Given the advertising for TBS’s upcoming comedy series, THE DETOUR, one might be forgiven for thinking that the family road trip resembles National Lampoon’s Vacation movies; I think the leading man even looks a bit like the most recent patriarch from that series. However, this little show is a little more original than that, and instead harkens closer to IFC’s The Incredibly Poor Decisions of Todd Margaret, a comedy of errors in which things just keep getting worse and worse.

THE DETOUR follows Nate (Jason Jones, The Daily Show), his wife, Robin (Natalie Zea, Justified), daughter Delilah (Ashley Gerasimovich, Louie), and son Jared (Liam Carroll, The Neighbors) as they drive cross-country. What upper middle class family does that nowadays, you may ask, given that airlines seem the more obvious way to go for those with means? Well, that’s part of the story, which is quite the convoluted mess, in the way you hope it will be.

It’s clear from the beginning of the series there is more going on that meets the eye. THE DETOUR is not a big mystery or conspiracy theory show, but it still keeps some cards close to its chest, which is fine since some of the reveals are played for a laugh or to enhance a certain moment.

This is a dense series, but not in a way that should worry you. The overriding mission is to elicit laughs, and it does that frequently. The story is cohesive and makes sense; I didn’t see any glaring plot holes in the eight episodes or so I viewed. But story is secondary to the funny bits that happen, so you can just go along and enjoy the ride without worrying about having to think any deeper than necessary.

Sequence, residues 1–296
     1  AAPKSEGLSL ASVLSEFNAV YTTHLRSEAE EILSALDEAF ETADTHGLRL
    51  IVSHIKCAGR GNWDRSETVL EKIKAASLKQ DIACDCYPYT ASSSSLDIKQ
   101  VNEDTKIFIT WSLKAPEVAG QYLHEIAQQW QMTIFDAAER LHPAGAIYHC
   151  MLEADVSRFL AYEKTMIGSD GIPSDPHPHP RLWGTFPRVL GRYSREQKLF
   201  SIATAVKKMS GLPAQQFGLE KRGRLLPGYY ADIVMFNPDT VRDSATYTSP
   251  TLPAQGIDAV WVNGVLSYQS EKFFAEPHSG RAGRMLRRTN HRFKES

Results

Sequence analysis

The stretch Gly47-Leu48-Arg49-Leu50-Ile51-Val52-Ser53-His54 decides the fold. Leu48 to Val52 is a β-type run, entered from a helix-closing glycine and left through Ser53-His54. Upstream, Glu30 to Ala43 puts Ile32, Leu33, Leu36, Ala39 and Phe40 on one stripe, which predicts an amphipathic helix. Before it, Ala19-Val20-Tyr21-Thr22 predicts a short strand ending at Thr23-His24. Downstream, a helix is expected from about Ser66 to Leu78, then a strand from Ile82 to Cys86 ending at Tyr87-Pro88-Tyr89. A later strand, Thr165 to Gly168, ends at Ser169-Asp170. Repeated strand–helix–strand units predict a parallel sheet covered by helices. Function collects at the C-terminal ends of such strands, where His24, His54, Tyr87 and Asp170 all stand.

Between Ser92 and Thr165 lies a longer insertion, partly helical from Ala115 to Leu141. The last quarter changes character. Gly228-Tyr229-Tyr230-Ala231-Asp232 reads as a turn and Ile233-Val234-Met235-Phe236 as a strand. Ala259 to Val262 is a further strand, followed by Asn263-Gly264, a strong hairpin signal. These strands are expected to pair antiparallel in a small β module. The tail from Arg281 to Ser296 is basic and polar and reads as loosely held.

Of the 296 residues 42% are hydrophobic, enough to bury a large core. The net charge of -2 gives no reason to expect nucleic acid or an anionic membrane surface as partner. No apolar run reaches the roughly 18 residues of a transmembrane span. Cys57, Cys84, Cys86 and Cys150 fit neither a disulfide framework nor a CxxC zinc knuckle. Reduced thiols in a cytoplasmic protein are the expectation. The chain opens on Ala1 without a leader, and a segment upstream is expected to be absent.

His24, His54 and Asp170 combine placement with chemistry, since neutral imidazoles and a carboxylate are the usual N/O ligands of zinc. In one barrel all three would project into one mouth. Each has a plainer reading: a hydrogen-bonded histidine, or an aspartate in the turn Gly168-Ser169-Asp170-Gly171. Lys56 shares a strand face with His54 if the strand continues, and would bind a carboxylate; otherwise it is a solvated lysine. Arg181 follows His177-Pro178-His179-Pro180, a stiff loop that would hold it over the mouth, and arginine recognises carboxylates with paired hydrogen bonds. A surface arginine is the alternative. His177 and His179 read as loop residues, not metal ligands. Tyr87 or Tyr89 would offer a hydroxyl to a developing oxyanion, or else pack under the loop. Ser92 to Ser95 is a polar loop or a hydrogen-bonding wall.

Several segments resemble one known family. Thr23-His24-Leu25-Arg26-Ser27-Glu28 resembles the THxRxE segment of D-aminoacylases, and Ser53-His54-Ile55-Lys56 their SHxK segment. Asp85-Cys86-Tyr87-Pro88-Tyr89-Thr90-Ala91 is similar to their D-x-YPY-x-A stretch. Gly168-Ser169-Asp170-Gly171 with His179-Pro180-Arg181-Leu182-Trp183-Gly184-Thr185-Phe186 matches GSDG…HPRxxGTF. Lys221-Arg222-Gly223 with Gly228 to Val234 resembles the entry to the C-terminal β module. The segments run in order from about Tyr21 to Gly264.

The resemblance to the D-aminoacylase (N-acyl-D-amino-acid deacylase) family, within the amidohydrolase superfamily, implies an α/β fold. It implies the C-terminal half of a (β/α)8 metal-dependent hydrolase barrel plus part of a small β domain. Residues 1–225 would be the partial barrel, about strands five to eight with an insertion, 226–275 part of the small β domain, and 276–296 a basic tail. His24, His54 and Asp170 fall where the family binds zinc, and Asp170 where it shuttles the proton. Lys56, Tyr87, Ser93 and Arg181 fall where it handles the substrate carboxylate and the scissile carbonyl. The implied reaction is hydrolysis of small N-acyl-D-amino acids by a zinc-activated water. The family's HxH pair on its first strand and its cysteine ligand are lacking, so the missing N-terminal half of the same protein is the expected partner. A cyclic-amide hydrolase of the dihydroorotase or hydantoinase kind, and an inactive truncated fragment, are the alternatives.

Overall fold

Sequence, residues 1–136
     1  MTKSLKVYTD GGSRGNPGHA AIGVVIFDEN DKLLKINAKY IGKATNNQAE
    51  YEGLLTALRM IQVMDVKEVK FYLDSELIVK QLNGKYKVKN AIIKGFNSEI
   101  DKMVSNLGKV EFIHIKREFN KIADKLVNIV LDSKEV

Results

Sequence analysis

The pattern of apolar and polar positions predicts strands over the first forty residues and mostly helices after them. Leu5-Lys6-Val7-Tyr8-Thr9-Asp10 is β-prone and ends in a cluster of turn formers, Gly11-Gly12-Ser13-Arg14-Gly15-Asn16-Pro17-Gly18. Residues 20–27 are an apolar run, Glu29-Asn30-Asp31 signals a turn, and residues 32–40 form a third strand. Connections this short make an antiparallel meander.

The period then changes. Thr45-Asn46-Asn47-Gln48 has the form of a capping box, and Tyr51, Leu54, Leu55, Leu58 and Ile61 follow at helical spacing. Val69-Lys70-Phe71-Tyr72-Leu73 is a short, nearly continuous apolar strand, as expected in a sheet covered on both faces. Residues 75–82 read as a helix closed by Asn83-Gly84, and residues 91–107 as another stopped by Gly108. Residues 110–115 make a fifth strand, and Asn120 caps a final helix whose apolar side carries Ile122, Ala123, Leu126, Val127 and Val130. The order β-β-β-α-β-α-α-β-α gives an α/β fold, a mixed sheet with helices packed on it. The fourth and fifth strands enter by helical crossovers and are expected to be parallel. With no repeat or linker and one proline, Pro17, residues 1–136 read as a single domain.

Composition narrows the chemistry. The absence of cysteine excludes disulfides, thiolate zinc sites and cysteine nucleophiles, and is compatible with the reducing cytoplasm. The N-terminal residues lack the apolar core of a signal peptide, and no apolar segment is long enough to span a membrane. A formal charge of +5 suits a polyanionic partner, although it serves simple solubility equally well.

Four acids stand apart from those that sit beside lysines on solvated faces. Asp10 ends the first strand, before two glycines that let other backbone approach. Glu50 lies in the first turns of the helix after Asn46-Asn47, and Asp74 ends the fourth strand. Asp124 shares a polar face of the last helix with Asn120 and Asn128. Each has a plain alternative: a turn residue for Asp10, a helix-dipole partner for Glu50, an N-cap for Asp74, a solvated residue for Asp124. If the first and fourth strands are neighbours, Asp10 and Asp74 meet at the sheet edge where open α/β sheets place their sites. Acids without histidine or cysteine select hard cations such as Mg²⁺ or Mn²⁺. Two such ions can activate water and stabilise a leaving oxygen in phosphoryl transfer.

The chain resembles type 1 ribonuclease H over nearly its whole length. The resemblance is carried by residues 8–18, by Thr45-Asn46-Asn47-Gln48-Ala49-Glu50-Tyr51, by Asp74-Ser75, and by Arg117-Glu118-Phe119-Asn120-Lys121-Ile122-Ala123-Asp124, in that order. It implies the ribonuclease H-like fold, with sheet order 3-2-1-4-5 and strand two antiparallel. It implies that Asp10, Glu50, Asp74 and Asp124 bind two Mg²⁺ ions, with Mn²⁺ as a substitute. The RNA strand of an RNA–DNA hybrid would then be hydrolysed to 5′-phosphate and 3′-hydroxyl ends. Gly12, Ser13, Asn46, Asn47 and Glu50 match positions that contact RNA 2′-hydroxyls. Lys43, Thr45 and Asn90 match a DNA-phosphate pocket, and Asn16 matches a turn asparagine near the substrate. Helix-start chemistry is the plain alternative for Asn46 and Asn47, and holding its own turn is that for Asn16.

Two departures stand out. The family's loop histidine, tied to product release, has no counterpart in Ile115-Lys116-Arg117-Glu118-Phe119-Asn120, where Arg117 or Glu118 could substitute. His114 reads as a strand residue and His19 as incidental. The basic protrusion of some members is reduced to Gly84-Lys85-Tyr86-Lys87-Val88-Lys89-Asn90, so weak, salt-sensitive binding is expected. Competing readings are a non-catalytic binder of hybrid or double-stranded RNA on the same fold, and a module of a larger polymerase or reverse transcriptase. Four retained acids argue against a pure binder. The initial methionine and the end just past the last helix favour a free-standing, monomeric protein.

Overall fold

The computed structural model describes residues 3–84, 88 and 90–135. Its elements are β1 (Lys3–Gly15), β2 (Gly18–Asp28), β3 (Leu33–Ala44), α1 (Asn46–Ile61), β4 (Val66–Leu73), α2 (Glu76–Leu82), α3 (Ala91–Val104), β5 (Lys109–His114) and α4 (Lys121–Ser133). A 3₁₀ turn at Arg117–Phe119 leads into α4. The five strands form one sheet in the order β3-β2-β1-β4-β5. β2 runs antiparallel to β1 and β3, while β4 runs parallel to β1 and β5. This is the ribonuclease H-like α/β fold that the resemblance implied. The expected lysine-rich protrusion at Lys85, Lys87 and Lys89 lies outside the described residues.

Now, that almost sounds like an insult, but I swear it’s not. Comedy can be smart without being a chore, and this one is. There are the rare sitcoms, Arrested Development springs to mind, that do force one to pay attention to really get all the jokes, and that’s fine; I adore that show. But most comedies shouldn’t, and THE DETOUR fits into the realm of most comedies without seeming tired or repetitive.

The biggest compliment I can give THE DETOUR is that it is addictive. True, I didn’t have to keep watching for cliffhanger resolution, but I wanted to because I was amused and anxious to see what zaniness the family gets into next. One thing after another keeps befalling them, some their fault, some not, and it is a pleasure to watch it unfold. I wish I had the full season available, but made do with most of it.

The four main players all hold their weight appropriately. Jones and Zea have more importance in the scheme of things, but the kids are no slouches, either. The four roles they play are likeable, but flawed, and while some of the disasters do stem from bad decision making, not all of them do, so it’s not a constant cringe-inducer. Instead, the show deftly balances its elements to keep viewers invested and able to laugh at the characters without despising or being depressed for them.

In short, THE DETOUR did not give me exactly what I expected, and that ends up being for the best. It’s a well-crafted example of what cable should be doing when tackling sitcoms, making something both fresh and genuinely funny, and not being reined in by the boundaries of what “most” shows do in a given situation. It’s a great series to binge-watch on a Saturday and make you feel better about your own life, while still being impressed with Jones’ (who created the show alongside wife Samantha Bee, Full Frontal With Samantha Bee) chops.

THE DETOUR premieres Monday, April 11th on TBS.